There have been dozens of attempts to bring tabletop Dungeons & Dragons adventuring to computers and consoles, with varying degrees of success, but "Pathfinder: Kingmaker" is the only video game to adapt the Pathfinder Roleplaying Game system.
"Kingmaker" has its roots in D&D — it's a modified offshoot of the revised 3rd Edition D&D rules, created when many in the role-playing-game community balked at switching to 4th Edition D&D. Those with experience playing earlier D&D video games, such as "Neverwinter Nights" or the "Baldur's Gate" series, will be pretty familiar with the controls, although there are quite a few reworked classes.
In "Kingmaker," players control a party of up to six adventurers, doing battle across a land of swords and sorcery. The player starts out as a mercenary, but later will earn a fledgling kingdom, pairing the traditional role-playing experience with one of nation management.
Running a kingdom involves claiming map resources, meeting with envoys and making decisions that hopefully will keep citizens from rioting.
Jumping into the game, those less familiar with the rules of D&D will likely find even character creation mightily intimidating, with its vast number of feats, spells and other customization options.
In this game, you don't even have to be the hero. Players are free to select an "evil" alignment and behave just as maliciously as they please, surrounding themselves with evil companions and being quite selfish.
During the game, players will frequently be asked to make moral decisions that often have a significant impact later, and making decisions contrary to your initially chosen alignment can actually permanently change it. That can make things awkward, because some classes and abilities are alignment-specific. For example, a lawful good paladin can permanently lose his divine powers by committing acts of evil.
"Kingmaker" isn't about solo combat from a near-invincible hero character. It's a team game, with your party of six needing excellent synergy to survive and be prepared for any situation. That means some characters will serve as hard-to-hit tanks, distracting the enemy from squishier companions. Others will be the damage dealers, using huge, two-handed weapons or backstabbing with daggers.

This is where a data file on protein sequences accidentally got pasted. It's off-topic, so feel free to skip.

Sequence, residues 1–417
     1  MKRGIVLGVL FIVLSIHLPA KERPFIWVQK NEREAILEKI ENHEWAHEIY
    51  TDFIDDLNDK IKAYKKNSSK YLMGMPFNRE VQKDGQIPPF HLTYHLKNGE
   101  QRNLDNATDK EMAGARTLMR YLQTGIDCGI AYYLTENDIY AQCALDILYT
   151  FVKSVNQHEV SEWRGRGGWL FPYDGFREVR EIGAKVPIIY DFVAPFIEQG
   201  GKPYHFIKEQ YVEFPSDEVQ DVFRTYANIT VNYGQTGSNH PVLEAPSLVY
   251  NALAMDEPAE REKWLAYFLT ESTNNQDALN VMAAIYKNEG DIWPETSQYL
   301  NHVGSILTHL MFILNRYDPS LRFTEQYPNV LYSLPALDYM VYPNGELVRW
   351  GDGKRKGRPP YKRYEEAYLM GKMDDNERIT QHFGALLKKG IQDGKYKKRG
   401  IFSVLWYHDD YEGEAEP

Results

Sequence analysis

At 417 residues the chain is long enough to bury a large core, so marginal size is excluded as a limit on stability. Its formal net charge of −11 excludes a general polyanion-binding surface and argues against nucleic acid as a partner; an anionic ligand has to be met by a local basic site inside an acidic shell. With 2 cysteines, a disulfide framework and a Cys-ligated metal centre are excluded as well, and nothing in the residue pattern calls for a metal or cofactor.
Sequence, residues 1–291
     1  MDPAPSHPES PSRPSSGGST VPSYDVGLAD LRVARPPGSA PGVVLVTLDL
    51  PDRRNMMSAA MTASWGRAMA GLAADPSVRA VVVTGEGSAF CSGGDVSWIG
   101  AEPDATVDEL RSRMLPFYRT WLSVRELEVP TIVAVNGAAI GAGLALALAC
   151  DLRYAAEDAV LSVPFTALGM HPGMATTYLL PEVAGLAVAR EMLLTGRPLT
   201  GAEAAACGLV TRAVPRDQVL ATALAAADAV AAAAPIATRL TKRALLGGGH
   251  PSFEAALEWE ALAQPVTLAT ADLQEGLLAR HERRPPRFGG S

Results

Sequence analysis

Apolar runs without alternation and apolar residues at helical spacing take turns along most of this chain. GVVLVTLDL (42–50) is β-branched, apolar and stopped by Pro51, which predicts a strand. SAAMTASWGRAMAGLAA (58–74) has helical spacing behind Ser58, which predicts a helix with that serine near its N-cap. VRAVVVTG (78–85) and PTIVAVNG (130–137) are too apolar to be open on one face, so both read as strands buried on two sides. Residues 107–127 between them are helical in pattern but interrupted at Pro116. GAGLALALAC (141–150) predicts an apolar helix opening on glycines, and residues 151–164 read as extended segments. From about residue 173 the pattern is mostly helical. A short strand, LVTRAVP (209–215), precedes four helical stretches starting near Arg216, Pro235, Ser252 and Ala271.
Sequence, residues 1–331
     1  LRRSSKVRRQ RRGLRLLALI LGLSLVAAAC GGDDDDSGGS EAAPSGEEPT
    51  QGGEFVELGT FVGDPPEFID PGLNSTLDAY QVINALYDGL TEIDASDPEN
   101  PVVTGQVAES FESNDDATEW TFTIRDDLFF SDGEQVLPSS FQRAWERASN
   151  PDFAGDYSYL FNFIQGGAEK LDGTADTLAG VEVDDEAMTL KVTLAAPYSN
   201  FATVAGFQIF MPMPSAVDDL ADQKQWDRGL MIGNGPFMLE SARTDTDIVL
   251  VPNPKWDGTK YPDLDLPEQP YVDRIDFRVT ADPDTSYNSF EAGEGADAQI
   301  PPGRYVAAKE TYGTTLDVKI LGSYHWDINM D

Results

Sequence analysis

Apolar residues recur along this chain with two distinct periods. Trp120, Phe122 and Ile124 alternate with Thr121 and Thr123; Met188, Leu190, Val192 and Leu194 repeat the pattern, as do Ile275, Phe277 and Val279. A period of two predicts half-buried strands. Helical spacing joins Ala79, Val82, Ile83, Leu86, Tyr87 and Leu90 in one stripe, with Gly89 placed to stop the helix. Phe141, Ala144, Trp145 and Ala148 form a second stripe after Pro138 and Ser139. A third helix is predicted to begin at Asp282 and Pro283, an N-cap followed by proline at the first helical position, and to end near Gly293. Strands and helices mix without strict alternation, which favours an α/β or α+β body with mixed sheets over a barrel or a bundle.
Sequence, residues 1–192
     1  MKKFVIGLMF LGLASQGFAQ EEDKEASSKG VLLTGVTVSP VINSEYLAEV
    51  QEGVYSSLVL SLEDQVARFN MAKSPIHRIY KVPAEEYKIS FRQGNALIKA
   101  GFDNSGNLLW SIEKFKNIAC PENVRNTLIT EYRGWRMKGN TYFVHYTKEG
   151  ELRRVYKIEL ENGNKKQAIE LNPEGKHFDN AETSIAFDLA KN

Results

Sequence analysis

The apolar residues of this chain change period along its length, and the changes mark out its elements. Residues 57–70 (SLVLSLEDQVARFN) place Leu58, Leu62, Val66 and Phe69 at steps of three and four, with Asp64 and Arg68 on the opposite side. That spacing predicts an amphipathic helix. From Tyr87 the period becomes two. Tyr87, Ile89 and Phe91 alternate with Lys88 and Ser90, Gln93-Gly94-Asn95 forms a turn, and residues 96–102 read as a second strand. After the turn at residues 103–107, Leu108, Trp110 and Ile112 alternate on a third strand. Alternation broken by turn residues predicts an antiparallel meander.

A healer is always necessary, as is some kind of mage to deal area-of-effect attacks and spells that can control the movement of enemies. Also, someone will have to disarm traps and make persuasion attempts in dialogue, and so on.
"Kingmaker" is not an easy game to win, and making a well-balanced party is the basis for victory. There are many companions to choose from that will complement the main character; or fully customizable mercenaries can be hired to create companions with specific builds.
Controlling six characters at once, often against overwhelming odds, can be pretty difficult. Luckily, combat is not necessary in real-time, and characters can be given specific orders individually to execute, such as having them use a skill or spell, drink a healing potion or retreat from combat.
As in the tabletop version, combat is divided into six-second rounds, with various actions taking up more or less of that time. Most spells and attacks are standard actions, taking about three seconds to complete, but others can be swift actions, occurring almost instantly. When combat starts, the game is paused. Orders are then issued, characters and enemies jump into action and will fight. Combat can be paused again at any time, allowing for some extreme micromanagement of actions. On the higher difficulty levels, this is really the only way to survive.
A major update to "Kingmaker" added a turn-based combat mode. If this mode is activated, rather than all characters acting at once in real time, characters will establish a turn order (based on chance and initiative scores) and take their actions one at a time. This style of combat is seen in some role-playing and other games, such as "X-COM: Enemy Unknown," "Chrono Trigger," "Darkest Dungeon" and others.
Which combat mode you prefer is up to you, although if you're playing this on console, the turn-based option is definitely the way to go.
Does "Kingmaker" deliver the authentic tabletop experience? Well, it comes about as close as a video game can get, but nothing beats the real deal. There's no substitute for the ability of a dungeon master to tweak the game to deliver maximum fun for the players.
However, "Pathfinder: Kingmaker" does a lot right. The story is twisty and deep, and the characters you meet, and who often form your core traveling party, are interesting and well-crafted. Characters aren't just there to help you in combat. They have their own personalities, motivations and alignments, and won't hesitate to let you know when they disagree — and possibly abandon you permanently.
On PC, a "Season Pass" option gets players the additional downloadable content, while it's included in the Definitive Edition for consoles. Some of it adds new spells, items and even playable races and classes.
One of the best features is an endless, rogue-like dungeon option that is a lot of fun.
"Kingmaker" harks back to the classic era of PC role-playing, but there's a lot of competition in the market these days, with excellent games like "Divinity: Original Sin" and "Pillars of Eternity" to play. Still, it's worth picking up, especially on sale.
Title: “Pathfinder: Kingmaker”
Platform: PC, MacOS, Xbox One, PlayStation 4
Rating: Teen, for blood and gore, language, suggestive themes, use of alcohol, violence
Score: 8 out of 10